ACTA Wellington agenda and venue leaked

Sceptics will be invited to 'stakeholders' function

Preliminary documents for the ACTA (Anti-Counterfeiting Trade Agreement) meeting in Wellington, to be held in the week beginning April 12, have been leaked, including the agenda and venue -- and several references to the fact that the documents are confidential and should not be publicly released.

Ministry of Economic Development spokesman George Wardle confirms that a function on the evening of Tuesday 13th for "stakeholders to meet and interact with ACTA negotiators" will be open to user groups such as the Creative Freedom Foundation and InternetNZ and to ISPs and other "intermediaries" as well as the expected copyright-holder lobbies and general business organisation such as NZ Business and the Manufacturers' Association.

ACTA, an effort to create an international regime to combat counterfeiting and copyright infringement, has been in secret negotiation among a number of countries including New Zealand for over two years. Others parties include the US, EU, Australia, Mexico and Japan.

Organisers were trying to keep the venue secret, however that has also leaked in the draft agenda. The meeting is scheduled to be held at Wellington's Intercontinental Hotel.

The agenda is scheduled to cover border measures on Monday, followed by the key question (for ICT interests) of "enforcement procedures in the digital environment" -- primarily measures to detect and deter illegal downloading of copyright material through the internet.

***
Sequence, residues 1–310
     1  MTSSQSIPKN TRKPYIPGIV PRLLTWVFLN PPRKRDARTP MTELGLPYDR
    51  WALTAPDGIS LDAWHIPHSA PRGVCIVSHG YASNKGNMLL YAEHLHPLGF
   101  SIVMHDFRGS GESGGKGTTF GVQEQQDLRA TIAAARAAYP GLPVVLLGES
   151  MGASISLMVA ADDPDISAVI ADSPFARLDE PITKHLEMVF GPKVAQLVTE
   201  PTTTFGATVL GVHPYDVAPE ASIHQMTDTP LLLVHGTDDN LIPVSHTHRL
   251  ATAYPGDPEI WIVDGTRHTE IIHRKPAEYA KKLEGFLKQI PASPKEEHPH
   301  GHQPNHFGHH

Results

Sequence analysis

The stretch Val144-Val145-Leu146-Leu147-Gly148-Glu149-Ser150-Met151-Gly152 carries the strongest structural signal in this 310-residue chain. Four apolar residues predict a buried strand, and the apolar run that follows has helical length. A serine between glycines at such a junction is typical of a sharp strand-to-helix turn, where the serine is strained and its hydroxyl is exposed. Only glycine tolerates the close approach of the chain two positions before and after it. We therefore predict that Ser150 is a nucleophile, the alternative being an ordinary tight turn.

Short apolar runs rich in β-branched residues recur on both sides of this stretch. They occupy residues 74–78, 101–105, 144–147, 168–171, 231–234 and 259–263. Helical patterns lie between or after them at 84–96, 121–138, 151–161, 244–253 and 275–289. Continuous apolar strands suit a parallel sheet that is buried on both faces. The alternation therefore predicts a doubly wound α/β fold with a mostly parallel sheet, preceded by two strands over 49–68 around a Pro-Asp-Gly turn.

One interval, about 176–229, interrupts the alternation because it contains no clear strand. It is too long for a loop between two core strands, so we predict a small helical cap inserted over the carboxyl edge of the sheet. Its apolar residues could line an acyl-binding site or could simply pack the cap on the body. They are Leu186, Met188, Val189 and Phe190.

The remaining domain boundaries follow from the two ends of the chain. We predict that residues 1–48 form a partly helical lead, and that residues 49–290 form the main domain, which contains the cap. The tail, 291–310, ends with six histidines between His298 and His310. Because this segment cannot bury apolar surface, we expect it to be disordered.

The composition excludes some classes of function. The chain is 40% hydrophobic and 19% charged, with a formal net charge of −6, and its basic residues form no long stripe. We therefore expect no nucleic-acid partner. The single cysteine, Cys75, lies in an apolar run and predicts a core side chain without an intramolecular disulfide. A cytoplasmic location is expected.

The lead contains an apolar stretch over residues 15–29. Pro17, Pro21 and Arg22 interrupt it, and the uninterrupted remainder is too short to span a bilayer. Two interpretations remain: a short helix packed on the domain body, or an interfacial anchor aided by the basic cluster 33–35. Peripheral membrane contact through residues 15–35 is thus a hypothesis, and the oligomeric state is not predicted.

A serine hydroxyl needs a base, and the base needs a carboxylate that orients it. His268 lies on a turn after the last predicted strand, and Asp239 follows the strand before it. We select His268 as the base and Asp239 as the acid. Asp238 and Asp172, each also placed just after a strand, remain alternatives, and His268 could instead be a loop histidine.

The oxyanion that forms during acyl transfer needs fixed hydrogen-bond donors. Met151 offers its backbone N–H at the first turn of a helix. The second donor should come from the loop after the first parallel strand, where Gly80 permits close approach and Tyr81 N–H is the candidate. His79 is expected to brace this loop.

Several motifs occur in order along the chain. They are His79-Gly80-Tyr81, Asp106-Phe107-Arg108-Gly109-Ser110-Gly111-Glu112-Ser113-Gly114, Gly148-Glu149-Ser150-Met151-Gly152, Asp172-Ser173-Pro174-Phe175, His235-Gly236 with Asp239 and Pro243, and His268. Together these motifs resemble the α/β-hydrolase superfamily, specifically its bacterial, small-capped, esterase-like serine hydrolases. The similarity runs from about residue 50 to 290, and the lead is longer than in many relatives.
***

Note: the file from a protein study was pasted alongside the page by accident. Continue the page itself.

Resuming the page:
Criminal measures and civil enforcement are scheduled for Wednesday and Thursday.

On Friday delegates will discuss transparency -- whether details of the discussions, widely criticised for secrecy, should be more widely released. New Zealand negotiators have told Computerworld they champion greater transparency. The European Union is said to be leaning in that direction, with the US allegedly being most strongly opposed.

An hour and a half has been allocated for transparency discussions and local commentators suggest this is not long enough.

Consultant Mark Harris who has been following the ACTA debate keenly, labels it a "pathetic" gesture.

"It's only on the agenda so they can say 'See? We are talking about transparency'," he says, in Twitter conversation with equally sceptical UK-based author and blogger Glyn Moody.

Ahead of the Wellington negotiation round, the MED and Ministry of Foreign Affairs and Trade are hosting a "dedicated background briefing session" on ACTA for local media "elaborating on the context for the negotiation and for New Zealand's involvement."

Sessions will be held on Tuesday, March 23, in Auckland and Thursday, March 25, in Wellington.

Meanwhile, ginger group Tech Liberty last week released more ACTA information released under an Official Information request.

This included the fact that New Zealand was interested in the possibility of using ACTA to extend intellectual property rights to "traditional knowledge and traditional cultural expressions" such as Maori culture, but decided that the other participants would not be interested.

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